Wednesday, September 8, 2010

CC vs. Felix

There's no way I could have said it better myself - found at Tim Marchman's site "Improve Conditions" - so I'll just put the whole post below...

The other day I was trying to think of a way to argue that CC Sabathia is better than Felix Hernandez that didn’t involve pointing out that Sabathia has won more games, because it would be clever and thus virtuous.

Sabathia has pitched less, struck out fewer batters, walked more, given up more hits and home runs, pitched seven or more innings less frequently and pitched eight or more much less frequently. He’s faced easier competition, having pitched nine games against teams in contention right now against Hernandez’s 14, and worked in front of a better defense, as New York leads Seattle in turning batted balls into outs. He may have pitched in worse weather. I don’t know that he has. If it he has it would be a point for him.

A credible case for Sabathia will have to work, then, from one of two points. The first would be essentially aesthetic, grounded somehow in the experience of watching them.

I’ve seen both Sabathia and Hernandez a lot this year, including in person. Sabathia is basically a man of pitcherly virtues; he moves the ball around a lot, hits the catcher’s glove just so, throws a lot of different pitches, throws each of them in different registers and maintains a certain rhythm, so that hitters stay slightly jumpy. His main strength is that he more or less never has a bad start. He’s Mark Buerhle with more gifts from God.

Hernandez mauls people. He may as well be throwing marbles and bowling balls for all the chance anyone has to really crack him. Half the time he looks as if he’s one whispered suggestion away from ripping the batter’s arm out of the socket and using it to beat him to death. I don’t think the idea that he’s somehow less ace-like than Sabathia is supportable.

This leaves the second point, which would be that New York is world capital of politics, finance, the arts and baseball while Seattle is a miserable shithole full of sad, small people living unimportant lives, so that what happens in one place counts for more than what happens in the other. I don’t know if this is a position you can really argue someone out of. The best you can do is encourage them to really own it. (Incidentally, people who argue this point, no matter how many euphemisms they use, always sound to me like Mark E. Smith in ‘The Classical’: ‘HEY THERE FUCKFACE!! HEY THERE FUCKFACE!! There are twelve people in the world! The rest are paste!’)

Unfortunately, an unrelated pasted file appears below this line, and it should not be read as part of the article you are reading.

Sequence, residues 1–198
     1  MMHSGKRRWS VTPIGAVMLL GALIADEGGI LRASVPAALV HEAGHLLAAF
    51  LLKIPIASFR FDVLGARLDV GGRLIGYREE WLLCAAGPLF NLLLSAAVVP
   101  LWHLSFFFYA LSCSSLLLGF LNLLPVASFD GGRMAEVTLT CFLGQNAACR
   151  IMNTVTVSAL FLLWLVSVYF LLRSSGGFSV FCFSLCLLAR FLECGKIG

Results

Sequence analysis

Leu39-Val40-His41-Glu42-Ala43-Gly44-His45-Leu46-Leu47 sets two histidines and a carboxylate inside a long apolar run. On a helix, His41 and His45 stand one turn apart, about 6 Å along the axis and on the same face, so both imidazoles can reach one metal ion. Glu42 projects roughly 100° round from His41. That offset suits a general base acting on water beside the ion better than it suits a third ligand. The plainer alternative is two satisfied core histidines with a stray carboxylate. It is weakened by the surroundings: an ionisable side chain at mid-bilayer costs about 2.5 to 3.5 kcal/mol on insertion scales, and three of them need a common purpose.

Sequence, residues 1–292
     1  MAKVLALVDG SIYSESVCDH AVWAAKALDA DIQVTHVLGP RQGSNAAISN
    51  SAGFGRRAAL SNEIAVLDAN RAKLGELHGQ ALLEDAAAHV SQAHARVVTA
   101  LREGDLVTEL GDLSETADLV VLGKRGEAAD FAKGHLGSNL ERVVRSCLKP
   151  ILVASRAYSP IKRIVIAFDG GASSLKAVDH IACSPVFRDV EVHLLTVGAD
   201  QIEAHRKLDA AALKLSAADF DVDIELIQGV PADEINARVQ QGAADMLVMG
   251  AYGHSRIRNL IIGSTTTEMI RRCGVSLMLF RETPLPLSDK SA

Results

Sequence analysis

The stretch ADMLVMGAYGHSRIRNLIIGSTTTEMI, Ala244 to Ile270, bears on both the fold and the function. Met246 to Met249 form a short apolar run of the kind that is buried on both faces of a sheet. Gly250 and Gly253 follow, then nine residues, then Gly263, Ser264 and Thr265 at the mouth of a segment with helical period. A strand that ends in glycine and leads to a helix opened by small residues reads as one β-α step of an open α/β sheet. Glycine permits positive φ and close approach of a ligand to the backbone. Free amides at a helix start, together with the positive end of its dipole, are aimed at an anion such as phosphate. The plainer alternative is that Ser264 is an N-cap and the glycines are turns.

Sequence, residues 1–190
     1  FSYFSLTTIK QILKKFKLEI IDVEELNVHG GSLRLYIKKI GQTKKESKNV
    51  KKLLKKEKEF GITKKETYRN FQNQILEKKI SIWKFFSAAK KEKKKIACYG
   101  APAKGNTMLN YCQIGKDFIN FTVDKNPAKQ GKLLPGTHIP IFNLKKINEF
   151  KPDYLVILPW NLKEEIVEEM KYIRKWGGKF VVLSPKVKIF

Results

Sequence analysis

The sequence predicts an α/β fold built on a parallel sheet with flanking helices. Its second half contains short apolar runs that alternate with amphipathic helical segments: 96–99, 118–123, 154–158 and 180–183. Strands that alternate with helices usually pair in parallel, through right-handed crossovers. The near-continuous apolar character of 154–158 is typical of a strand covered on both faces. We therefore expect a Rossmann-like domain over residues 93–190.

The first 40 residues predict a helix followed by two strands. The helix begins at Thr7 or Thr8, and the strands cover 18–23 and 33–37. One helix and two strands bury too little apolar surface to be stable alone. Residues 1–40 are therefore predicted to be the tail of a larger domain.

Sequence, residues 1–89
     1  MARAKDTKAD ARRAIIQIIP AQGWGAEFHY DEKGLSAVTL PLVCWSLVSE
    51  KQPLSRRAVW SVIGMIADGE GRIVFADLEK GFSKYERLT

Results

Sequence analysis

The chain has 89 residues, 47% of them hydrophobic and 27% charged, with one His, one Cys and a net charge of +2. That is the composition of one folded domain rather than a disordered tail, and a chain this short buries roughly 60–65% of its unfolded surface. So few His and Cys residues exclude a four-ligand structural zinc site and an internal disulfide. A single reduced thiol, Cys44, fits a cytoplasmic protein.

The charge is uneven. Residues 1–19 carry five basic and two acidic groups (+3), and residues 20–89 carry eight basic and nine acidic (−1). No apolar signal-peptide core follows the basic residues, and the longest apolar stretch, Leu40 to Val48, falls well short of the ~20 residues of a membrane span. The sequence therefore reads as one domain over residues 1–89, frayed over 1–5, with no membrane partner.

All this so, the most interesting thing about the Cy Young race is probably just how little credit Hernandez is getting for even running up a winning record while being supported by a lineup that may as well comprise two winos drinking Sterno strained through stale bread, a Mongolian who learned how to hit by playing Bases Loaded, Alan Partridge, and five cardboard cutouts of Ski Melillo. The following teams had better offenses than this year’s Mariners:

—1983 Seattle Mariners. Scored 3.44 runs per game in a league scoring 4.48. Their main leadoff hitter was Spike Owen, who hit .196/.257/.271; primary catcher Rick Sweet hit for the exact same OPS; nine players had OBAs worse than .260 in at least 50 ABs.

—1992 California Angels. Scored 3.57 runs per game in a league scoring 4.32. Their best hitting regular, by far, was (of all people) Chad Curtis, who maintained a robust 100 OPS+. After him it was probably Luis Sojo, who brought a .299 OBA, or Luis Polonia. (Did you know the Torre dynasty was forged in the Rodgers-Wathan crucible? I didn’t...)

—1999 Minnesota Twins. Scored 4.26 runs per game in a league scoring 5.18. This was the year when Doug Mientkiewicz hit .229/.324/.330 from first base in 118 games, while Cristian Guzman rocked an OPS+ of 38 in 131 games. Famously couldn’t find playing time for David Ortiz coming off a year when he hit .277/.371/.446 in 86 games at age 22.

—2003 Detroit Tigers. Scored 3.65 runs per game in a league scoring 4.86. Of their many impressive accomplishments, I was always most taken by this: This team ran out Dean Palmer for 100 ABs where he posted an OPS+ of 12. Also of interest: Both Andres Torres and Omar Infante played for the aught-three Tigers, raising the question of whether this team was as great a source for 2010 what the hell performances as the 1992 Angels were for gritty Torre Yankees.

The Mariners are scoring 3.23 runs per game in a league scoring 4.47. The one American League team I can identify that has had a worse offense since the adoption of the designated hitter rule was Toronto in 1981, and even that’s arguable. Consider for example that the Mariners have scored two or fewer runs in 45 per cent of their games, which is actually worse than what the Blue Jays did even though they’re playing in a much higher run environment.  (My favorite wacky Mariners statistic, by the way: They’ve given 57 per cent of their plate appearances to players with OBAs of .303 or below.)

I don’t know if Hernandez should win the Cy Young over Sabathia. Awards are what you make them and voting for someone because everything and everyone outside of New York is insignificant makes as much sense as anything else. I do know that if Hernandez doesn’t get the Cy he ought to get a medal and a parade. 11-10 on a team more impotent than the 1999 Twins? That’s ridiculous. Lefty Grove wouldn't have cracked .500 with these jokers.

Good stuff.  Thanks Tim.